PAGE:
blogs/blog-facebook-big.png Recently, Cameron Marlow, Facebook's in-house sociologist pointed out that according to their user data, people keep in touch with their intimate circle of friends on Facebook in the same way they do in real life. So for instance, on average they may have 120 friends, but only communicate with around 10, and the same 10, regularly.

Now this has been pointed out and theorised about before, so it's great that this is now backed up by user data from Facebook. However it is not the question we should be asking! Rather than how is online networking the same as real life, the question should be 'how is it different?'.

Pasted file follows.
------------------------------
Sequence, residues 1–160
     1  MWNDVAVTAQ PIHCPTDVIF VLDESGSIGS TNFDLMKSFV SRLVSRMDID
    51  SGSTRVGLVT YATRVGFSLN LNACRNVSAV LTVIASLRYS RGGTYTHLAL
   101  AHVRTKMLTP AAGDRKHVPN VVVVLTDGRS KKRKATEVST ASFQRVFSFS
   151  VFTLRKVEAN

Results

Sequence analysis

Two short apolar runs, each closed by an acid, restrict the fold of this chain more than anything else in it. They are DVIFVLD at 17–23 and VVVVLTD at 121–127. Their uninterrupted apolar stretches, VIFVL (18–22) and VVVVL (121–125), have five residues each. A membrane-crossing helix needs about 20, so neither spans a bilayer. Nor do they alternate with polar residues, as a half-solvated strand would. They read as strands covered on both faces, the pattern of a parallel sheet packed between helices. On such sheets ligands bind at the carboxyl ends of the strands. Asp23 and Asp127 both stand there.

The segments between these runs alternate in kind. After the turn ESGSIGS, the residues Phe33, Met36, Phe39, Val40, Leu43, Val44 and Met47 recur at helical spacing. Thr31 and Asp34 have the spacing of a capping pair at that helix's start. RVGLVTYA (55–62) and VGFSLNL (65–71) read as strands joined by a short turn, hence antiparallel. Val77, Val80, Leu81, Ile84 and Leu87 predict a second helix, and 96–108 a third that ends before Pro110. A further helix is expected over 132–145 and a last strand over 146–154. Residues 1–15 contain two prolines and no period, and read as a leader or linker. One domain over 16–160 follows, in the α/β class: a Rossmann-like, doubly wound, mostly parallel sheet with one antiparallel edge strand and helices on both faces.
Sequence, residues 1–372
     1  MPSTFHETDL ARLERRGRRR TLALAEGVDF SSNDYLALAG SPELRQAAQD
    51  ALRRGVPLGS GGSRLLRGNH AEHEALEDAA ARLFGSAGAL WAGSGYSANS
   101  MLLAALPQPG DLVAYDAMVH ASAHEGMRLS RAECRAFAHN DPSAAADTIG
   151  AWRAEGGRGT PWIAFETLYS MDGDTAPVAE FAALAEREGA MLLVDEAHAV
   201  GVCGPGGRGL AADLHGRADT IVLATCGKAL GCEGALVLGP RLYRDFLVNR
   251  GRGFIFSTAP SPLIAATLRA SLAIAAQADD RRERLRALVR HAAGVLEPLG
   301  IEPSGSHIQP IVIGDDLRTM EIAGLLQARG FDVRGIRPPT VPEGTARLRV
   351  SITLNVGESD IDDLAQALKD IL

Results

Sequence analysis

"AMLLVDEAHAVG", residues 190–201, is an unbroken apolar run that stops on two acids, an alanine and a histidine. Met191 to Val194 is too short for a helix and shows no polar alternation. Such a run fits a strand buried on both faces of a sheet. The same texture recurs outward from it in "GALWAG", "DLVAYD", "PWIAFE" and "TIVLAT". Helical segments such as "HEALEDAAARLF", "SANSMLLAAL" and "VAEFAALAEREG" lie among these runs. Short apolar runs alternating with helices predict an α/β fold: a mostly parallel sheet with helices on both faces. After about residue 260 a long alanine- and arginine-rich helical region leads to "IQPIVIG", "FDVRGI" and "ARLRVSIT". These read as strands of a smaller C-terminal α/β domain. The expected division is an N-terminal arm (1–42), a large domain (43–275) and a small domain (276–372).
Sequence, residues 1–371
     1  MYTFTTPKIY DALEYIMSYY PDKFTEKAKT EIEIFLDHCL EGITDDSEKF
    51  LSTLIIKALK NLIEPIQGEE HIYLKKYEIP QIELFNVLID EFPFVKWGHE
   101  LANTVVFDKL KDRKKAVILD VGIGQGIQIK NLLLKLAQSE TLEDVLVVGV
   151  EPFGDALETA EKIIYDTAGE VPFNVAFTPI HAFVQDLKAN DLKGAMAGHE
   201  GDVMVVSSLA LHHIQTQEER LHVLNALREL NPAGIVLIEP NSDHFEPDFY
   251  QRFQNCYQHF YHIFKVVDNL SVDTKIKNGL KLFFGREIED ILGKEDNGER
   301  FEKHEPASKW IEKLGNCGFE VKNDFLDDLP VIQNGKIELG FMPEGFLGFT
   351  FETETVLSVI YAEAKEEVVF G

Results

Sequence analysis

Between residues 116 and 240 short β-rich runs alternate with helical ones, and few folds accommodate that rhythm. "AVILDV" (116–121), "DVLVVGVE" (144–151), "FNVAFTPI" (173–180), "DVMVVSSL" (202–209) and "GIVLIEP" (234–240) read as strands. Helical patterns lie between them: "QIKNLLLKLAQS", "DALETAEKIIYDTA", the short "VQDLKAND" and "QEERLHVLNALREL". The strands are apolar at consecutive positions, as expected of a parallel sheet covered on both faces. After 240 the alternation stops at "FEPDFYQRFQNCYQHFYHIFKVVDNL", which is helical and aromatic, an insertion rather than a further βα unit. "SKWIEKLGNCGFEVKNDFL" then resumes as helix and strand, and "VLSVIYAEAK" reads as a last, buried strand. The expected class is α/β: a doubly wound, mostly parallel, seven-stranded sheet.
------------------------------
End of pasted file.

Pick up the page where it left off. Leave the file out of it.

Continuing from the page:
Those other 110 friends the average Facebook user has, how often do they communicate with these people? Does it happen more often than real life due to the disconnected nature of these communications (i.e. does not need two people present)? Is it the same or less? Are people taking more product recommendations from a wider circle? These are the interesting facts and figures.

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